The field of conflict resolution embraces a range of “restorative justice” practices, and, as interest grows, it is valuable to understand some of its roots and, particularly, the value placed on restorative practices in cooperative, small societies.
National Academy Anthropologist Polly Weissner, a member of Rutgers’ CIG@R’s collaboration with Arizona State University, has published a superb paper that provides insight into the value of restorative justice in indigenous communities. From her work with the Enga in Papua New Guinea, where formal courts and customary courts form a plural justice system, with the formal courts practicing retributive justice and the customary—the informal courts—providing restorative measures, Weissner observes that most cases are brought to the customary courts.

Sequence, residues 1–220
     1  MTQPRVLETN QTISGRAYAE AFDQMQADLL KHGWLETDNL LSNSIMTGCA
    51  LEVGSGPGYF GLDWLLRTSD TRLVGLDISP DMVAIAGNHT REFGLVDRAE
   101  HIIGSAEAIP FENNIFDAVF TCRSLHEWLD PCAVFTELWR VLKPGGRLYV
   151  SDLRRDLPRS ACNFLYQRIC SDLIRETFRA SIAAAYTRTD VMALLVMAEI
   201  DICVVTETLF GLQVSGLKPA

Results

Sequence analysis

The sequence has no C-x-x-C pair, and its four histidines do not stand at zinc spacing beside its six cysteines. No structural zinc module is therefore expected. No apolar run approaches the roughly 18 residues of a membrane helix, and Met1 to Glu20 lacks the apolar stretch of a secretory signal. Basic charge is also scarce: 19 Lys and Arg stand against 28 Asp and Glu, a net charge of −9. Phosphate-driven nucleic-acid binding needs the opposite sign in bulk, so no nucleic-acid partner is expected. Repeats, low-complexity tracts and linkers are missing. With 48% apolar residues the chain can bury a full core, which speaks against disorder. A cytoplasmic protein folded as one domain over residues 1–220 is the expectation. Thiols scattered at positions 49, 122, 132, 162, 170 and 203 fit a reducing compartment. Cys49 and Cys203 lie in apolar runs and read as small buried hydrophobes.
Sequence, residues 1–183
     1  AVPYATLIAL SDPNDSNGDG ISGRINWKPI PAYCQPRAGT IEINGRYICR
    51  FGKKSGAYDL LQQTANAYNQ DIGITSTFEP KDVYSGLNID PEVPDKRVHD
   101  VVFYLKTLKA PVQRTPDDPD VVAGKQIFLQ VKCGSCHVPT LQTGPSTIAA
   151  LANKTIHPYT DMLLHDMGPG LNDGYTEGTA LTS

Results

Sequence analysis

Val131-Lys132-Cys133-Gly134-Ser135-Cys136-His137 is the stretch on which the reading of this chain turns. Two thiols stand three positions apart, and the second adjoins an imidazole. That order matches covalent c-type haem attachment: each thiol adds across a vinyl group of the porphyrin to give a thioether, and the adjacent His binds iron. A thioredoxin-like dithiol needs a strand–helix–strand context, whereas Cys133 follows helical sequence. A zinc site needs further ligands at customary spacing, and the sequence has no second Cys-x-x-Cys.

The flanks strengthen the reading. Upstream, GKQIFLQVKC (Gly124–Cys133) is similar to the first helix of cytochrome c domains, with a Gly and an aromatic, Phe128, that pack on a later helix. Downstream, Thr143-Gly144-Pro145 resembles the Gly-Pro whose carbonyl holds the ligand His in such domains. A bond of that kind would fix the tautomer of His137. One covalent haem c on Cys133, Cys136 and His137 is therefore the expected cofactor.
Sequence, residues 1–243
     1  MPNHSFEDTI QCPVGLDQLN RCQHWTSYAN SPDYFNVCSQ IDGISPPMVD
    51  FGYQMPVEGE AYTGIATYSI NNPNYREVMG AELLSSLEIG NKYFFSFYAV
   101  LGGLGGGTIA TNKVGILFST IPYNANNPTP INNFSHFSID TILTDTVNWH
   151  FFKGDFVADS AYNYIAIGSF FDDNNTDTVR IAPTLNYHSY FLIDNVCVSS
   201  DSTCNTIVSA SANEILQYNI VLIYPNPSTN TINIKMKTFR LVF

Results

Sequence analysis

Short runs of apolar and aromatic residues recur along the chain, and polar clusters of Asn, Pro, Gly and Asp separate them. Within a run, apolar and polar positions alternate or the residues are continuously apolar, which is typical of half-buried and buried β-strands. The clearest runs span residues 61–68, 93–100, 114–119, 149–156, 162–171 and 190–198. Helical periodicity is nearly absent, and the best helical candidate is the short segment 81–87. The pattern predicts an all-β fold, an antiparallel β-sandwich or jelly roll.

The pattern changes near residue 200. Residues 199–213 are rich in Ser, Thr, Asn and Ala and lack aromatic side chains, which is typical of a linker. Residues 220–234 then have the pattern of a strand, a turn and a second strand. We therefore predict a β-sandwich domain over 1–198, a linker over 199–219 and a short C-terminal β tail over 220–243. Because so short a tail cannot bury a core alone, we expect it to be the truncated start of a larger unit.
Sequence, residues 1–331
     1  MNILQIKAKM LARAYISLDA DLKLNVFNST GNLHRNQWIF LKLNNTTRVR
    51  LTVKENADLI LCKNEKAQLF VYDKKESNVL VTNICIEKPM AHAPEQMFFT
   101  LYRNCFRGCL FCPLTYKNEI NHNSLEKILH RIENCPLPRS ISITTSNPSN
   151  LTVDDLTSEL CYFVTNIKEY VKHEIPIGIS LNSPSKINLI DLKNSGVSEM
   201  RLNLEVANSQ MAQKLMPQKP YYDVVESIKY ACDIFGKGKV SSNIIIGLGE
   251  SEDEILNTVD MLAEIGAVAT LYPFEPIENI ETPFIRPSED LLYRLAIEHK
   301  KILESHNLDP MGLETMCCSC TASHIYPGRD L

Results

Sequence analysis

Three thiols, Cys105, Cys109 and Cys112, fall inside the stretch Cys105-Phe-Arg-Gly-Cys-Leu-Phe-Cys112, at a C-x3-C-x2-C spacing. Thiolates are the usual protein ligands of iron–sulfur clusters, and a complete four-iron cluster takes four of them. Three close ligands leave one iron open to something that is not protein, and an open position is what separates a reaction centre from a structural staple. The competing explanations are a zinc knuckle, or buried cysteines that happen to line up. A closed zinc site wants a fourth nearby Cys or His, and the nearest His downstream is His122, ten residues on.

Practices for dealing with conflicts and the breaking of norms and laws, preserve social processes rather than specific traditions. The first is the process of hearing all sides, apology, compensating the victim to correct for harm done, reintegrating the wrongdoer, and formulating settlements to satisfy community. The second is the engagement of community for gathering evidence, giving advice, and contributing to settlement costs, as well as to keep compensation under the broader umbrella of exchanges from birth to the grave that tie communities together.